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Mitch Lapides' Blog

But I Want to Buy (or Rent) an Email List!

In a previous blog – “Should I rent an email list? What you need to know before renting a list…” – I provide the many reasons why you may not want to rent an email list. You should definitely review them if you’re considering buying email addresses. But what if you still feel compelled to buy a list? Here are a few items to consider if you choose to go down that path:

  1. Ask where the names come from – Any reputable list broker should be able to tell you how the list was built.
  2. Send to carefully defined segments – Determining well-defined segments that you can send very relevant messages to is always best. As with all email marketing, the more relevant your message, the better your response.
  3. Don’t send the emails yourself – Many brokers will just give you the email addresses and have you do the emailing. While this may sound wonderful, the reality is that it may hurt you. Most professional email service providers won’t even allow you to mail to lists for which you didn’t get explicit permission from the recipients. The reason is that those addresses could seriously hurt the reputation of the sender (i.e., your email service provider and you), thus making it difficult to send your “good” email. You could experience a high level of unsubscribes, bounces, spam complaints, and more. If you do mail to the list yourself, be sure you are being CAN-SPAM compliant.
  4. Have the broker do the email sending – Related to my previous point, I strongly urge you to provide the html/content of your email to the broker to send for you. Most reputable list brokers provide this service. In this way, they are responsible for any reputation problems that may occur, as well as for complying with the form of permission granted by the recipients. Of course, if the emails have your name on them, a bad list could hurt your overall professional reputation. So I’d suggest you include a message reminding the recipient that he or she provided permission and is receiving your email in response to that permission.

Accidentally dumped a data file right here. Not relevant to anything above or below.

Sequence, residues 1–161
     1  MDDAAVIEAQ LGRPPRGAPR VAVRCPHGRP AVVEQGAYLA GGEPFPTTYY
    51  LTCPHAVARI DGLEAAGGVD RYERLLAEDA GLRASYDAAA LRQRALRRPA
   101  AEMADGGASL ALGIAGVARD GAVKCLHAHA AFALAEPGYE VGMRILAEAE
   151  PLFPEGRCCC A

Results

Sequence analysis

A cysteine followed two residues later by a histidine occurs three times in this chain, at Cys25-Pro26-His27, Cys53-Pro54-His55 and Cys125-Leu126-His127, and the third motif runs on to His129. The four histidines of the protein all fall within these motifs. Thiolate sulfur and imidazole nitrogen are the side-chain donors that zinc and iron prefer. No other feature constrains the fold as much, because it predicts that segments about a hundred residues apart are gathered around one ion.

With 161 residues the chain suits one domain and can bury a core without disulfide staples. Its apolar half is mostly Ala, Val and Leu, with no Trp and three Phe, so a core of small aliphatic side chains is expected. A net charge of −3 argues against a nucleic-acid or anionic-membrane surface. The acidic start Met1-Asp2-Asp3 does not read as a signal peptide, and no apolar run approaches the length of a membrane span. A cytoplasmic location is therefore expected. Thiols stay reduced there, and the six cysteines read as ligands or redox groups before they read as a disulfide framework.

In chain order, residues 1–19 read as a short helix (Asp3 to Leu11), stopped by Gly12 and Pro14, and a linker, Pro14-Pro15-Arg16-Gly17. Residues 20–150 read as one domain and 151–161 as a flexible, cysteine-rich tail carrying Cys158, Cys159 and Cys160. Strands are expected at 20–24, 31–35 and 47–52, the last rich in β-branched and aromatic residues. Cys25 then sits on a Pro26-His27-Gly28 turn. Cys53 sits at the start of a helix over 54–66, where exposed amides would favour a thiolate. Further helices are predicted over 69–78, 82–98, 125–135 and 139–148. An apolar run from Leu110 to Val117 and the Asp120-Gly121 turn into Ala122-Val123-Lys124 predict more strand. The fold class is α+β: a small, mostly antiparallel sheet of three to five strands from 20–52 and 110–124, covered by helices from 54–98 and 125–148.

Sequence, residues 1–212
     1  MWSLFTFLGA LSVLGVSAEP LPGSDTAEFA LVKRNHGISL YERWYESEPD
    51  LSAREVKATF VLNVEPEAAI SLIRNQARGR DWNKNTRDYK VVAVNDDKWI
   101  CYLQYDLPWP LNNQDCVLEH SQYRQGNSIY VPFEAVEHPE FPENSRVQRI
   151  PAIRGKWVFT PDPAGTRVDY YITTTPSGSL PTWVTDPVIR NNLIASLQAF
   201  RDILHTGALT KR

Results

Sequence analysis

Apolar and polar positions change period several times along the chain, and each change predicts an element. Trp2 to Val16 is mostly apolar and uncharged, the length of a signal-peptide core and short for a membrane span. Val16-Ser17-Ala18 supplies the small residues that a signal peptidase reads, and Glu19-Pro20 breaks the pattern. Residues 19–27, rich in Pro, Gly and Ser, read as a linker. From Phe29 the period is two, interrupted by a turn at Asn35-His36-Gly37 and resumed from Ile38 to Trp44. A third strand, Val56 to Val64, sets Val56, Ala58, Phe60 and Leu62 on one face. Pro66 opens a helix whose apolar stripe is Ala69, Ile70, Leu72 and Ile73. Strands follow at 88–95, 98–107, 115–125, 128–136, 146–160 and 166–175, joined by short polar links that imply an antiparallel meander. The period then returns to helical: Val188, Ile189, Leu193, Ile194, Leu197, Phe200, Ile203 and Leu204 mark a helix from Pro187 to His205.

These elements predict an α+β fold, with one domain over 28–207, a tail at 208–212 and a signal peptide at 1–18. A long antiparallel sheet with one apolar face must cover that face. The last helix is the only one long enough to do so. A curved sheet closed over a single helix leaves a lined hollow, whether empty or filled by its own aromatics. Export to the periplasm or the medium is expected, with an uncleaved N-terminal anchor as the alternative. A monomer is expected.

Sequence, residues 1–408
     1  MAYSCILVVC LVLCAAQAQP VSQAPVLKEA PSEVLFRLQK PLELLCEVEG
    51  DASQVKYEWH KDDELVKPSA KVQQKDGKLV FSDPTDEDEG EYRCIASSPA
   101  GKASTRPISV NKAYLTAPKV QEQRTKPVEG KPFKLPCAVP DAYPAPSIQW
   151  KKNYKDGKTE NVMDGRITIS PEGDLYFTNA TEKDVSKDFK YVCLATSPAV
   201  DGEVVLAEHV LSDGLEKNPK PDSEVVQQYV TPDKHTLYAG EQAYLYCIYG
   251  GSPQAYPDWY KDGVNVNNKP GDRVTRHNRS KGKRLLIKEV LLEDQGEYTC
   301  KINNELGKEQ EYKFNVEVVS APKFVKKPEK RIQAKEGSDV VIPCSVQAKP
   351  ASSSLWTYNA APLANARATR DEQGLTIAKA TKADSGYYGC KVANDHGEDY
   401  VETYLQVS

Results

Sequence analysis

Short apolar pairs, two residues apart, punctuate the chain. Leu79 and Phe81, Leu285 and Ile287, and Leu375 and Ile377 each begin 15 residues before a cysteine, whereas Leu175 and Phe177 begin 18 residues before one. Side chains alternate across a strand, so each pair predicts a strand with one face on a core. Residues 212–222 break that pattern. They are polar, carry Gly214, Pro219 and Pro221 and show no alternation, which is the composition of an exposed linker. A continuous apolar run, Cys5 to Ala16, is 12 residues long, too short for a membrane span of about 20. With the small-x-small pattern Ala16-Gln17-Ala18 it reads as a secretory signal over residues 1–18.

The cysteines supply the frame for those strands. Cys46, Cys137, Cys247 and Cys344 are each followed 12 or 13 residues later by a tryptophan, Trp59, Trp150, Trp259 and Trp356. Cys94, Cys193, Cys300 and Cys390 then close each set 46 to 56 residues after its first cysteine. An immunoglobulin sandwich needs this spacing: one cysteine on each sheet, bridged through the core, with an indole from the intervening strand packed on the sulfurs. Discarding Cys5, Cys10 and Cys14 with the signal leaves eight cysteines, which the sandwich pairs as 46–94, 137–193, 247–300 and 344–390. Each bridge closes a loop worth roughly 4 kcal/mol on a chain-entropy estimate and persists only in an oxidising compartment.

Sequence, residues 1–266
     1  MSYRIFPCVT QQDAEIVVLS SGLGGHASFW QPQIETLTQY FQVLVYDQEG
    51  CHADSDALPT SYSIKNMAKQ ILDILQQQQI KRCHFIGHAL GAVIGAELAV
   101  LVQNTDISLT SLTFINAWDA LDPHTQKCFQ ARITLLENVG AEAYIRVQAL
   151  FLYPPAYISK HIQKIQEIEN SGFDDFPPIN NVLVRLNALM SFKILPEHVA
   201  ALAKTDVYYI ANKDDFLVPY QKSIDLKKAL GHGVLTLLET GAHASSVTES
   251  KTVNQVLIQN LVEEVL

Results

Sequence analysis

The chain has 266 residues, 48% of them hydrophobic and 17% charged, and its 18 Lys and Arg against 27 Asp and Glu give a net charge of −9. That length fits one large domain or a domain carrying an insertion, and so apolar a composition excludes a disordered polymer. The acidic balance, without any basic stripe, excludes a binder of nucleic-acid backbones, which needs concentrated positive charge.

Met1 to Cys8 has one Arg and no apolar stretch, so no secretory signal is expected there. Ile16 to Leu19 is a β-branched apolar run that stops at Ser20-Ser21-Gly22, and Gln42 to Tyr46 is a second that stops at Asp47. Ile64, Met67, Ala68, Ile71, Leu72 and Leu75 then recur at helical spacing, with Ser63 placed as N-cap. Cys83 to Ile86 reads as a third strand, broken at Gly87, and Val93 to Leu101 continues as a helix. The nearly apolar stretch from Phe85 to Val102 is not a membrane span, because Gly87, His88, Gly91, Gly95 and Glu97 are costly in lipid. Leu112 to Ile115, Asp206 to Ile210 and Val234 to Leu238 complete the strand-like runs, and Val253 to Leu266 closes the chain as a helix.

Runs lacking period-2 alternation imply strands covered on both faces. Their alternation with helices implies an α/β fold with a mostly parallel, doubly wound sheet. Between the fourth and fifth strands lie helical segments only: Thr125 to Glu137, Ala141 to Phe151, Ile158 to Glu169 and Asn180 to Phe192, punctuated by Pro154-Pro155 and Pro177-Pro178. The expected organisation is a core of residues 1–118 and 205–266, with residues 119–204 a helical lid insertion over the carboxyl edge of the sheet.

5. Start with a test – Do not rent a significant list initially. Consider doing a test with a small quantity (e.g., 5,000) from various list sources. Plus, be sure you have a very accurate measurement tool in place to measure the open, click-through, and conversion rates. In addition, track the number of bounces, unsubscribes, and spam complaints. If the broker is unwilling to provide such statistics, the unique open rate will be one of the best measures of the quality of the list. Of course, the click-through and conversion rates are where the rubber hits the road, so to speak. Calculate the cost per conversion, taking into account the full cost of purchasing each list source.
  6. Obtain historical data – Ask the broker to provide metrics for clients who sell similar services and products. Unwillingness to share data is a concern. The tools to measure email response are generally available today.
  7. Compare to direct mail – Oftentimes, renting names for direct mail costs less than renting email addresses. Test that assumption for your situation. You may want to consider using direct mail to send a great offer/incentive to drive people to your Web site and offer up their email address. Then, they’ll become your bona fide opt-in email recipients.

Please tell us about your experiences and lessons learned with any email lists you may have rented or purchased. Thanks in advance for sharing!

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